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Hyundai & Kia to use Tesla charging ports. UAW too?

No, the Big Three aren't emulating these guys. They're currently getting their ass handed to them by the UAW which will essentially relegate them to bankruptcy or at best a quickly diminished share of the market.


Not only are their labor costs higher than these competitors, but their product tech has fallen behind. Other than that, all's well.


Hyundai, Kia electric vehicles to use Tesla's NACS charging ports starting next year

Hyundai and Kia say they're adopting North American Charging Standard ports for their electric vehicles in the U.S. and Canada, which will give the vehicles access to thousands of Tesla Superchargers across the two countries and Mexico


By Michelle Chapman, AP Business Writer

Oct 5, 2023


Hyundai and Kia say that they're adopting North American Charging Standard ports for their electric vehicles in the U.S. and Canada, which will give the vehicles access to thousands of Tesla Superchargers across the two countries and Mexico.


Tesla’s Superchargers are coveted by other automakers because it has more direct current fast-charging plugs in the U.S. than any other network, and its stations are in prime locations along freeway travel corridors.


Hyundai Motor North America said Thursday that new Hyundai electric vehicles in the U.S. will come with the NACS port starting in 2024's fourth quarter. It will begin in Canada in the first half of 2025. Hyundai's luxury brand, Genesis, will also start using the NACS ports.


Kia said it plans to build the NACS port into new electric vehicles sold in the U.S., Canada and Mexico, also in the fourth quarter of next year.


“Having this kind of sprawling access to chargers will no doubt boost customer satisfaction, elevate the EV ownership experience, and enable drivers to reach more destinations across the continent on electricity,” Seungkyu (Sean) Yoon, president & CEO, Kia North America and Kia America, said in a statement.


Hyundai and Kia electric vehicles with NACS ports will be able to access more than 12,000 Tesla Superchargers throughout the U.S., Canada and Mexico. This will double the size of the DC fast charging network available to Hyundai electric vehicle customers.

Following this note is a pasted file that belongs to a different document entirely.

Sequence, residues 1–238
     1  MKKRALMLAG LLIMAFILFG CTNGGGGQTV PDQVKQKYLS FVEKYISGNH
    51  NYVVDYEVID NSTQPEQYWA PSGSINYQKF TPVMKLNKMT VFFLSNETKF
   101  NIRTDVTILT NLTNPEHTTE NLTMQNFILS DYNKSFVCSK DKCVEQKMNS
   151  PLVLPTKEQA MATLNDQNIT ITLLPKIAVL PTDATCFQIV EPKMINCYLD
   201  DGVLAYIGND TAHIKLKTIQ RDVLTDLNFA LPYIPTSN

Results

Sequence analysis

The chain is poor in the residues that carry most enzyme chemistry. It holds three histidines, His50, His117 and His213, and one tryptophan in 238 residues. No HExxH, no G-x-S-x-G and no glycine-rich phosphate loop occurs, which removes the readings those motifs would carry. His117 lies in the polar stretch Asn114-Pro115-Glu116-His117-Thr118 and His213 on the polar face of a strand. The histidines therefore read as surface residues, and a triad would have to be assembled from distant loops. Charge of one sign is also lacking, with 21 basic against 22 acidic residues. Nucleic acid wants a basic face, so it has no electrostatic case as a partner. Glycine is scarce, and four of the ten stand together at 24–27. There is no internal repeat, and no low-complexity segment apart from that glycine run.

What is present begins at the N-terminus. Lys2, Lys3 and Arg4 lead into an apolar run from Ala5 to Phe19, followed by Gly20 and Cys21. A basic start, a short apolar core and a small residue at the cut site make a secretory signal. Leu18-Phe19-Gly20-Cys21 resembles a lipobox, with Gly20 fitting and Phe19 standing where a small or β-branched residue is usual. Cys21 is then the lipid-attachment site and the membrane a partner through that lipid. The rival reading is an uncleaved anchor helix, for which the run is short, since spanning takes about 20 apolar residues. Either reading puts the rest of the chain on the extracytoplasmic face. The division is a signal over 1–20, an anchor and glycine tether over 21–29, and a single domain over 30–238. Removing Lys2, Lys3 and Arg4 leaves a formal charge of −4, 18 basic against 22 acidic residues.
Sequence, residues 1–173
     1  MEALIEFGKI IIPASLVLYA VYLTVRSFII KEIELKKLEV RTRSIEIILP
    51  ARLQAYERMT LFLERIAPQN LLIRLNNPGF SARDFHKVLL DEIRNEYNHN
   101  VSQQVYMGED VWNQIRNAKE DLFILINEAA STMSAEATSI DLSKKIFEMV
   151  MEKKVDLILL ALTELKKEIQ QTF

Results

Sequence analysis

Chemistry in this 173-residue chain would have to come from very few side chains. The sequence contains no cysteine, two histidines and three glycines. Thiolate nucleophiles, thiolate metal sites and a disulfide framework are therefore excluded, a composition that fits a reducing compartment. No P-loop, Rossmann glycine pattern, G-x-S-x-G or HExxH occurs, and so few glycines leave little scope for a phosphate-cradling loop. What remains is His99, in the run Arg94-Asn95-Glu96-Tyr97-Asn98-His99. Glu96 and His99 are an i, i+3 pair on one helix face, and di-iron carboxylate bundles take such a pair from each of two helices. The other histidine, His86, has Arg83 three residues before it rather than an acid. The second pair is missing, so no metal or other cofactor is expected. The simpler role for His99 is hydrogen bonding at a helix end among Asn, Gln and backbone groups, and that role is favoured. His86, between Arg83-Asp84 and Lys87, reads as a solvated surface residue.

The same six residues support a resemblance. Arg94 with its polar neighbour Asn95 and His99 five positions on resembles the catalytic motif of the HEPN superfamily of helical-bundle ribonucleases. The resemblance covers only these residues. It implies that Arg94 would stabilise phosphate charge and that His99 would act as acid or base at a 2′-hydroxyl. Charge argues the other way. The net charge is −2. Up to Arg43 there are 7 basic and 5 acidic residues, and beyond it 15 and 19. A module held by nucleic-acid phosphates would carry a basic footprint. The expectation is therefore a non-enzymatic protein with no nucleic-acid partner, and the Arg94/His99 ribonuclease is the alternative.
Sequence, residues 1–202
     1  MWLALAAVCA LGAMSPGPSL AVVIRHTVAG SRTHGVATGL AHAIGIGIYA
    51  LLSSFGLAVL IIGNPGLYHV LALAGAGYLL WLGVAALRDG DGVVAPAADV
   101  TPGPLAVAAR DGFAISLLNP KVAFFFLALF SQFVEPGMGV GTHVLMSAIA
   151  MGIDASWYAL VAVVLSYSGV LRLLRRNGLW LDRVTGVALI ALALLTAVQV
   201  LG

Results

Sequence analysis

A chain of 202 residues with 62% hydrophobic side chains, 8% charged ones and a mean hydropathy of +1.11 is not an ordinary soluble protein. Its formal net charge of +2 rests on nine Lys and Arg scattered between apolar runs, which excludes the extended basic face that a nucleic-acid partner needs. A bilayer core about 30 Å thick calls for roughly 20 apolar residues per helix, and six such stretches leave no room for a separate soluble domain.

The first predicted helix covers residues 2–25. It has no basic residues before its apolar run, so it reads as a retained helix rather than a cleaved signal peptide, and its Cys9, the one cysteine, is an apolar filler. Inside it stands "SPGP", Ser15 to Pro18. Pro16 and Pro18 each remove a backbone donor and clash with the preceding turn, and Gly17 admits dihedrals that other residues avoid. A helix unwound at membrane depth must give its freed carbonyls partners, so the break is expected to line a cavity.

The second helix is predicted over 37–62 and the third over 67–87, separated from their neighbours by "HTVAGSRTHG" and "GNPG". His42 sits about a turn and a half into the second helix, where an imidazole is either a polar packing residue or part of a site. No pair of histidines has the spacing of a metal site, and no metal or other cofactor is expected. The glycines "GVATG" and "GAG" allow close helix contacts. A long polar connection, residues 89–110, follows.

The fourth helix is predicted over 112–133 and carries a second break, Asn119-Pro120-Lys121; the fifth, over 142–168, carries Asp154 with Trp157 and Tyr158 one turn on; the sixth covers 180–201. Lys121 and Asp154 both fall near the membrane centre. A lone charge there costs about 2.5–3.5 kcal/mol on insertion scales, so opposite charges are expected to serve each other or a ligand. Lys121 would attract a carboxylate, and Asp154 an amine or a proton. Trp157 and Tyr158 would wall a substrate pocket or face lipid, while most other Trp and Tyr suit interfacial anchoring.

The Tesla network will be able to support the charging speeds on Hyundai’s advanced Electric-Global Modular Platform vehicles, including IONIQ 5 and IONIQ 6 and the upcoming IONIQ 7.


Tesla's electric vehicle plug has steadily moved closer to becoming the industry standard. In June SAE International, formerly the Society of Automotive Engineers, said that it would set performance standards for Tesla’s electric vehicle charging cords. The move by the key U.S. automotive industry organization came just weeks after Ford, General Motors and Rivian said they would join Tesla’s large Supercharger network and adopt its NACS connector in new versions of their electric vehicles. Volvo Cars has also signed a deal with Tesla to join its charging network.


“This new alliance will provide Hyundai EV owners confidence in their ability to conveniently charge their vehicles and complements our joint venture company to create a new, high-powered charging network with at least 30,000 stations across North America," José Muñoz, president and global Chief Operating Officer, Hyundai Motor Co. and president and CEO, Hyundai Motor North America, said in a statement.


Owners of existing and future Hyundai electric vehicles with the current combined charging system will have access to the Tesla Supercharging Network starting in the first quarter of 2025. Hyundai will offer an adapter to these customers and will also make adapters available to charge NACS-equipped vehicles at combined charging system chargers.


Kia expects to have adapters available at its dealers, also in 2025's first quarter.


The partnership with Tesla adds to Hyundai's network expansion efforts. The company previously announced that it was teaming with six global automakers to develop a new, highpowered North American charging network with at least 30,000 chargers. The first U.S. stations in that new network are targeted to open in the summer of 2024, and in Canada at a later date.

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